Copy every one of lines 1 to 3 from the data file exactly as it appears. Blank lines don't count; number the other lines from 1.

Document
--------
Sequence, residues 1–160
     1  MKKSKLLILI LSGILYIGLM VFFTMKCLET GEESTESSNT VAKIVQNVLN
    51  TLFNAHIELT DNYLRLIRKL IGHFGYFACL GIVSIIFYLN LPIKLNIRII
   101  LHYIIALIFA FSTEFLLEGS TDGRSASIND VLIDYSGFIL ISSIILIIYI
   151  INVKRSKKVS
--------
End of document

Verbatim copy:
Sequence, residues 1–160
     1  MKKSKLLILI LSGILYIGLM VFFTMKCLET GEESTESSNT VAKIVQNVLN
    51  TLFNAHIELT DNYLRLIRKL IGHFGYFACL GIVSIIFYLN LPIKLNIRII